Cases of Sexually Transmitted Disease in the US Reached Record High Last Year
Centers for Disease Control and Prevention revealed that the reported cases of sexually transmitted disease (STD) in the United States last 2015 have reached the highest number ever.
According to the annual Sexually Transmitted Disease Surveillance Report released by the CDC, more than 1.5 million cases of Chlamydia, the most common STD and considered to be one of the three most commonly reported conditions in the US, in 2015. Chlamydia is followed by gonorrhea and syphilis, with nearly 400,000 and nearly 24,000 reported cases respectively.
"We're very concerned about these unprecedented high numbers of cases of STIs in the United States," said Gail Bolan, director of the CDC's Division of Sexually Transmitted Disease Prevention, in a report from The Verge. "These new number are making it really clear that many Americans are not getting the preventive services they need."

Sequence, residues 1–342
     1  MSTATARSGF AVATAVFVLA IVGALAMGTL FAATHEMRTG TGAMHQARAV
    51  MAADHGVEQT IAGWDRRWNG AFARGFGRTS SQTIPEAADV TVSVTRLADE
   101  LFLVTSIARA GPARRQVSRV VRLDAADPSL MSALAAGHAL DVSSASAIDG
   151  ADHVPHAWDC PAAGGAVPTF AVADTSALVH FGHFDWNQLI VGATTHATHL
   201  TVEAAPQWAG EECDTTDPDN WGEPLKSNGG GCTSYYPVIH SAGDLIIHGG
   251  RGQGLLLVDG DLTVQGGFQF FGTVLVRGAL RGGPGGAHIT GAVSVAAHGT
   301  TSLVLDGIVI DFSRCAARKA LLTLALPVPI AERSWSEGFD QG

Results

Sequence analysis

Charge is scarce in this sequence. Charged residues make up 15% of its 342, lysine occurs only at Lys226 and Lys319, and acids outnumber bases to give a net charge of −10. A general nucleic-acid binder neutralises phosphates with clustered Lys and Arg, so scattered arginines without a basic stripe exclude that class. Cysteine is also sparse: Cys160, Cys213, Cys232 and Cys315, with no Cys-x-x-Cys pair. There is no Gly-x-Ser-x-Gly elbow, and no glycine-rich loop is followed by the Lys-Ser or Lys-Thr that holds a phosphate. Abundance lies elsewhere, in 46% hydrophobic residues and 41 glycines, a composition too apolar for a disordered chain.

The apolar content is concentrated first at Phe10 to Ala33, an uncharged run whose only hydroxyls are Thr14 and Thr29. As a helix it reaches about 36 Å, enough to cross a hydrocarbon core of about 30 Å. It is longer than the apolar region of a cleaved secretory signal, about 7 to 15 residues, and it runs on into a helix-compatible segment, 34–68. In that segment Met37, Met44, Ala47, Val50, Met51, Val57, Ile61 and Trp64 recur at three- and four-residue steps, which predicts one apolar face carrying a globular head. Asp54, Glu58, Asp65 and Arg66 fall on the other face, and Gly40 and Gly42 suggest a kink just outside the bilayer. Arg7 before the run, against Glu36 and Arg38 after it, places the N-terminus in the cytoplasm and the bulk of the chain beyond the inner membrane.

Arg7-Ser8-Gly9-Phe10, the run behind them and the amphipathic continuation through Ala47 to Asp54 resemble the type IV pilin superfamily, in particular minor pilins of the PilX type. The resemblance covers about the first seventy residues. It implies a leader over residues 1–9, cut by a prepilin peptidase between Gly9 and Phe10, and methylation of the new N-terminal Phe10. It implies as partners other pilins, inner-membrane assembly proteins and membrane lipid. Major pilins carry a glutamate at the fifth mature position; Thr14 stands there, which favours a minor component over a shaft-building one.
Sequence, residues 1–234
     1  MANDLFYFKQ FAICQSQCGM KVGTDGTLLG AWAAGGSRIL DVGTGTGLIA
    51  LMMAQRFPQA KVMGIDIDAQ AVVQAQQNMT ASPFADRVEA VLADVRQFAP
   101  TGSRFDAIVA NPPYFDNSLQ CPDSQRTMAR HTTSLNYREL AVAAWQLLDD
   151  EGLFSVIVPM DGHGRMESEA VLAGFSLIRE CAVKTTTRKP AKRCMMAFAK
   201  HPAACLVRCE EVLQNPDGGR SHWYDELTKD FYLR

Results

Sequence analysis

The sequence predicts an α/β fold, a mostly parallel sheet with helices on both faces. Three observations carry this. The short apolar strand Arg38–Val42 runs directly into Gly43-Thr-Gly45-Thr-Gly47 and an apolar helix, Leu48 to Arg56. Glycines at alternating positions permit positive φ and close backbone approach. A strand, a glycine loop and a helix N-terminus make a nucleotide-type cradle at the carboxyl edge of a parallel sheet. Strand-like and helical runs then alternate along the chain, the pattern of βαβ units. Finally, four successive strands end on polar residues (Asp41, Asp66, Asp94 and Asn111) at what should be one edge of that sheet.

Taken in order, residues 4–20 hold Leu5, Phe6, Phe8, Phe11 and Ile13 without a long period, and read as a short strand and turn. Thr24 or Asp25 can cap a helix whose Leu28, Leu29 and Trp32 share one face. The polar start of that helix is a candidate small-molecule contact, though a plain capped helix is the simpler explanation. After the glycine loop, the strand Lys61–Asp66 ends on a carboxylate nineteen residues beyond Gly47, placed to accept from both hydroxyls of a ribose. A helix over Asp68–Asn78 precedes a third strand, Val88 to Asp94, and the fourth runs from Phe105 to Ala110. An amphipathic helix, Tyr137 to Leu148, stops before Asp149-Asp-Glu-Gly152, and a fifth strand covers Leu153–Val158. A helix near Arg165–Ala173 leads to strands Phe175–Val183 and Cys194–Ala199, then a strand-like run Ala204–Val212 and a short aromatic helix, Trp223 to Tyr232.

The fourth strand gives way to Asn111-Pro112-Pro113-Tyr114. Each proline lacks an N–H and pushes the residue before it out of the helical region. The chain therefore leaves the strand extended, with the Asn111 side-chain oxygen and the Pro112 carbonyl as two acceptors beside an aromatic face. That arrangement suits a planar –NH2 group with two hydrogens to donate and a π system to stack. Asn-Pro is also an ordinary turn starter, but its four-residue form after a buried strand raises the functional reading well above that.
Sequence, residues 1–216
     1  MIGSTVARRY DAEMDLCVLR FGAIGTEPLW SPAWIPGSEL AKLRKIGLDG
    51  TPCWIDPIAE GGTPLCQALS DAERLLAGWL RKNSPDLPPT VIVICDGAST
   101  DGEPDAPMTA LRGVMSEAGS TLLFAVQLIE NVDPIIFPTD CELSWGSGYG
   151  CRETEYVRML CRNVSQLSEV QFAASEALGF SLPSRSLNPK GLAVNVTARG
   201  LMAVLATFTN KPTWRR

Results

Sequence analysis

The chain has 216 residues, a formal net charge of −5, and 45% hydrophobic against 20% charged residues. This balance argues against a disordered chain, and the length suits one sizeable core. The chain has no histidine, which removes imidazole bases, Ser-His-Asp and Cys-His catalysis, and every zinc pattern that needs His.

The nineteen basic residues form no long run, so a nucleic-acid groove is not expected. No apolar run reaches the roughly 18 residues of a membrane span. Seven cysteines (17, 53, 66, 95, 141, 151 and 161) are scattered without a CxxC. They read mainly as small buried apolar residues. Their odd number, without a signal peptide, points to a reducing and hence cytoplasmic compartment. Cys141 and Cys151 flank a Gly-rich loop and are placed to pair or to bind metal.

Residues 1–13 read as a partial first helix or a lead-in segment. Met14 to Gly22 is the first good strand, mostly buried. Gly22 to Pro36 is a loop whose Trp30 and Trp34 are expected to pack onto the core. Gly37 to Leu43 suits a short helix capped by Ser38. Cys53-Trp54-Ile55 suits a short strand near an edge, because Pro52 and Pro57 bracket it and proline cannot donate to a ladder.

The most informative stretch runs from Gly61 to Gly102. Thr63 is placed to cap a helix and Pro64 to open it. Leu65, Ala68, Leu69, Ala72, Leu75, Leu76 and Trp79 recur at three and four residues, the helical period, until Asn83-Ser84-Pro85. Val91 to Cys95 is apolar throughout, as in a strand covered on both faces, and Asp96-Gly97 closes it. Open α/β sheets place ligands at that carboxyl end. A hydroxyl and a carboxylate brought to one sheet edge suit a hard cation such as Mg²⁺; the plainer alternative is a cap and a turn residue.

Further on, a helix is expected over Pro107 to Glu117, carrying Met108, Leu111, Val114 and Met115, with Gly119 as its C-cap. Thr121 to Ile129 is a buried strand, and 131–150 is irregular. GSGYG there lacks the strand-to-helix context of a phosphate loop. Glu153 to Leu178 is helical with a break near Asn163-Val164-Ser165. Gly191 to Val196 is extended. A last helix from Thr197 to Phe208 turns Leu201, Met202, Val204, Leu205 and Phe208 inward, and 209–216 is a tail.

CDC officials are attributing the current increasing trend of STD to the budget cuts in national and local STD programs. Chlamydia, syphilis and gonorrhea can easily be treated with antibiotics. However, recent state and local budget cuts forced more than 20 health department STD clinics to close in one year alone, making it completely difficult for those in need of service to be tested and treated right away.
In just a year, the reported cases of syphilis have increased by 19 percent. The number of reported cases of gonorrhea and Chlamydia has also increased by 12.8 percent and 5.9 percent respectively.
"We have reached a decisive moment for the nation," said Dr. Jonathan Mermin, director of CDC's National Center for HIV/AIDS, Viral Hepatitis, STD, and TB Prevention, in a press release. "STD rates are rising, and many of the country's systems for preventing STDs have eroded. We must mobilize, rebuild and expand services - or the human and economic burden will continue to grow."
CDC noted that most STDs can continue without being diagnosed or treated and can ultimately lead to severe and often irreversible health outcomes, including infertility, chronic pain and increased risk of HIV. Furthermore, STDs can also be considered as serious economic burden, costing the health care system about $16 billion annually.